“Today’s supply chain in the battery industry is extremely complex and convoluted… there is still a lot of dependency from mostly Asian suppliers,” says COO Paolo Cerruti. “Our idea and goal is to create a supply chain which is as compact as possible so it is as close to us as we can get. We believe that this is possible and opens – especially when it comes to critical metals – opportunities in cost, working capital, and transparency on where the material is coming from. And all this contributes to our vision to accelerate the transition to sustainable transpiration in society.”

Northvolt has also built an R&D centre that plays a crucial role in the early development of cell products, including the first prismatic cell in early 2019, and the first cylindrical cells in January 2020. 

Northvolt's investment and partnerships

Northvolt’s unique positioning and leading efforts in generating these much-needed batteries both for Europe and the rest of the world has attracted a lot of attention and investment. 

Since securing its first industrial partner in Swedish-Swiss technology company ABB in September 2017, Northvolt has been building partnerships and securing supply agreements. 

Northvolt has partnered with wind power leader Vestas on lithium-ion battery platforms for its power solutions; with Scania on developing and commercialising battery cell technology for heavy commercial vehicles; and with Siemens, to digitalise the factory design process with the goal of making Northvolt its preferred supplier of batteries.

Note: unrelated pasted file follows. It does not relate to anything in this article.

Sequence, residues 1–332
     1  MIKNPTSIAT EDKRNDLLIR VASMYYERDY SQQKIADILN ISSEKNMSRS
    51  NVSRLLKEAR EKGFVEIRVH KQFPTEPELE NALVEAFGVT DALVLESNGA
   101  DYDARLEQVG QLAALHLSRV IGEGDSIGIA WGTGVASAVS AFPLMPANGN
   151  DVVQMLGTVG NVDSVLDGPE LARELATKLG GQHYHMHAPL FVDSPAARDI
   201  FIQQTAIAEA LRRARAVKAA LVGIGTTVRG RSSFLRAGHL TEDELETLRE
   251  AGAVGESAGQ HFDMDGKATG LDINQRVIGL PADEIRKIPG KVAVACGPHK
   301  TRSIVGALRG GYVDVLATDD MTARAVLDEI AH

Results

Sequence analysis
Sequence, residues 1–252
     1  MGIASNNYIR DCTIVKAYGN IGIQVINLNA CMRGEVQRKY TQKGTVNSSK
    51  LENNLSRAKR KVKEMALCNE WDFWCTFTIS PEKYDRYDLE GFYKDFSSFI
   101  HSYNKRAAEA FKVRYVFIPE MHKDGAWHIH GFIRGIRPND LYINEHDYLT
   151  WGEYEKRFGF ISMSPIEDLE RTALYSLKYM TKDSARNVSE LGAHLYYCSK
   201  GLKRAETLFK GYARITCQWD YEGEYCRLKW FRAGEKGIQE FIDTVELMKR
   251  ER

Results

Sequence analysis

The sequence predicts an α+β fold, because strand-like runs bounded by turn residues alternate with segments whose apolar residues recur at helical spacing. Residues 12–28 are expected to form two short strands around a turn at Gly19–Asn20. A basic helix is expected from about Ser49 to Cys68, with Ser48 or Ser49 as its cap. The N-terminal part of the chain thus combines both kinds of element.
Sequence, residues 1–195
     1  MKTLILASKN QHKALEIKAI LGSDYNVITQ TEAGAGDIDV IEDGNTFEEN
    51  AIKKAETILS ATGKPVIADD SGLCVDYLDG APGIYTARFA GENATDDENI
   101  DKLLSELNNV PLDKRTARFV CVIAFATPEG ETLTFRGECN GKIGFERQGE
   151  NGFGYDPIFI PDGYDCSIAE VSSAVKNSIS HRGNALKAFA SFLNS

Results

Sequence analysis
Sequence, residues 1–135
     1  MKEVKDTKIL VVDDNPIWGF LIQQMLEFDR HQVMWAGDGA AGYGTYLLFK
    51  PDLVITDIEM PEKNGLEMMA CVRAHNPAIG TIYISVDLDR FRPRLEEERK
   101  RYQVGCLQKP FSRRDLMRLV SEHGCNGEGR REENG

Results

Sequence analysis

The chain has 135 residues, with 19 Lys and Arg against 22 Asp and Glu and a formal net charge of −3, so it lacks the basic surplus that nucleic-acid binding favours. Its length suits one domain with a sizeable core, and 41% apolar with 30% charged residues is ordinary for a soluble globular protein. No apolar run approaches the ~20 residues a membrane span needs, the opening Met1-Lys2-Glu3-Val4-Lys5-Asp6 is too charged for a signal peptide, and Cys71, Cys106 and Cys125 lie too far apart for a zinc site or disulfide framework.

The company has also secured orders from leading carmakers, including Volkswagen, BMW, Volvo Cars and Polestar, and has the financial backing of some of Sweden’s biggest business players including Spotify CEO Daniel Ek, Scania, Ikea and Goldman Sachs, as well as from the public sector including a €13.6m grant from the Swedish Energy Agency.

What does the future hold for Northvolt?

Commercial deliveries of its batteries begin this year (in 2022), with planned production of up to 60 GWh in the coming years, enough to supply batteries for around 1 million electric vehicles. 

This is not enough however to supply Northvolt’s current order book of US$30bn, and so the now US$12bn company is using its financing raised, a total of US$6.5bn, to help it expand its operations. 

There are plans to build two more gigafactories in Europe, with the aim of150GWh of annual production by the end of the decade, as well as a factory with Volkswagen, which has US$14bn of orders with Northvolt and owns a 20% stake in the business.

The company also plans to build Europe’s biggest lithium processing plant with Portuguese oil and gas company Galp. This would target annual production of 35,000 tonnes of battery-grade lithium hydroxide, enough for 50 GWh of battery capacity, to power 700,000 electric vehicles.